An email landed in my inbox recently that I just had to open. The subject was ‘Why most respondents don’t like participating in research’. I was compelled to read further because quite frankly this headline went against my personal experience. And if true, it is something that anyone in the research industry and the clients we service should want to know about.
The message was from Lenny Murphy, editor in chief of a well-known industry organization, Greenbook Blog. Lenny’s message shared findings that the research industry is not doing a stellar job when it comes to thinking about respondents. In fact, the recent Consumer Participation in Research (CPR) study found, ‘Only a quarter of all respondents globally are satisfied with their experience participating in research’.
The Sad Reality: Respondent Experience is Not Being Considered
When the research industry conducts research on research we’re bound to find something new and interesting. We are fortunate that there are leaders who take time every year to investigate changes in the industry in the annual GRIT report (GreenBook Industry Research Trends). This year, the study included a section that looked at what participants thought of the research studies they’ve been completing. Interestingly, the most recent GRIT report indicated that Respondent Experience was at the very bottom of the list of considerations for both buyers and providers. This is shocking when we think that without ‘respondents’, we wouldn’t have an industry! So knowing the industry is not placing emphasis on respondent experience, it’s not surprising that respondents aren’t enjoying themselves.
Qualitative is Different… Sort Of
As one digs further into the full GRIT CPR report it is evident that there were differences between qualitative and quantitative results.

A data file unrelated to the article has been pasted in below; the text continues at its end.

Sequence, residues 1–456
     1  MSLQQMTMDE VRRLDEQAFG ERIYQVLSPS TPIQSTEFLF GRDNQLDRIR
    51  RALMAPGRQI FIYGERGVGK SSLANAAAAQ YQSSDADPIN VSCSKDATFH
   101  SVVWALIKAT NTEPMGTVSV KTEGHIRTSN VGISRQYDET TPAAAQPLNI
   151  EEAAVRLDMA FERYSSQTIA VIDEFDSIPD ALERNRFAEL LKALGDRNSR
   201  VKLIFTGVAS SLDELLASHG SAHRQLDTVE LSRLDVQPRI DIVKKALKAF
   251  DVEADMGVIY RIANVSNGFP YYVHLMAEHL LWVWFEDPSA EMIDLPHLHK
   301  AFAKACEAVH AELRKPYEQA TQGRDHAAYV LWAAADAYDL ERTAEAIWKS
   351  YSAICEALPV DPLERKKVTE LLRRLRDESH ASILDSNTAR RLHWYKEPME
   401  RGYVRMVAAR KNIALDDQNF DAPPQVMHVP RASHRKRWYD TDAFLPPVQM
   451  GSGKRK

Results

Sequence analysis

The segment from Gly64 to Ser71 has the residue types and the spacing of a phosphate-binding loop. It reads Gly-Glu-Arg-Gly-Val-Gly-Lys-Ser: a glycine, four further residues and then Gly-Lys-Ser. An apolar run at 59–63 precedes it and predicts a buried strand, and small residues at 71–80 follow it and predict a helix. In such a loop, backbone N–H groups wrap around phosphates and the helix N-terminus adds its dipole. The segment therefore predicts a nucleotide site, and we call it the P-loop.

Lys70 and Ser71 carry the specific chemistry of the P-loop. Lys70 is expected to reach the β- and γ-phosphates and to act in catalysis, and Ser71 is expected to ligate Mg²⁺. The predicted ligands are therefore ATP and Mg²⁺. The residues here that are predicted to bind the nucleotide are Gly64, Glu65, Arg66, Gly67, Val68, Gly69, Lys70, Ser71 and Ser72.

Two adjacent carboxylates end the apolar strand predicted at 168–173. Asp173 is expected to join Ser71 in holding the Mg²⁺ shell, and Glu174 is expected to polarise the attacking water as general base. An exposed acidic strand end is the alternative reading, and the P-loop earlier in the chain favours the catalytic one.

- Those participating in qualitative research are motivated by emotional feelings of contributing to or helping shape decisions as well as being ‘in the know’. Cash is king for quantitative survey takers.
- Those recruited from qualitative panels participate in research considerably less frequently than those from quant panel providers. This suggests there may be far more ‘professional/fraudulent respondents’ coming from quant panels.
- When asked what they’d like to see changed about the research they participate in, over 70% of those participating in qual research had either nothing to suggest or didn’t know. This is a big difference compared to only 32% with no suggestions to improve surveys or polls.
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While those participating in qualitative research were more altruistic, their general dissatisfaction with qualitative forms of research is still quite high.
We Need a Mindset Change
The writers of the GRIT CPR report offered up their suggestions to the wave of change that is required if our industry wants to survive the next decade. Their list included items like:
- Go mobile first
- Stay under 10 minutes
- Think like game designers
- Reward them fairly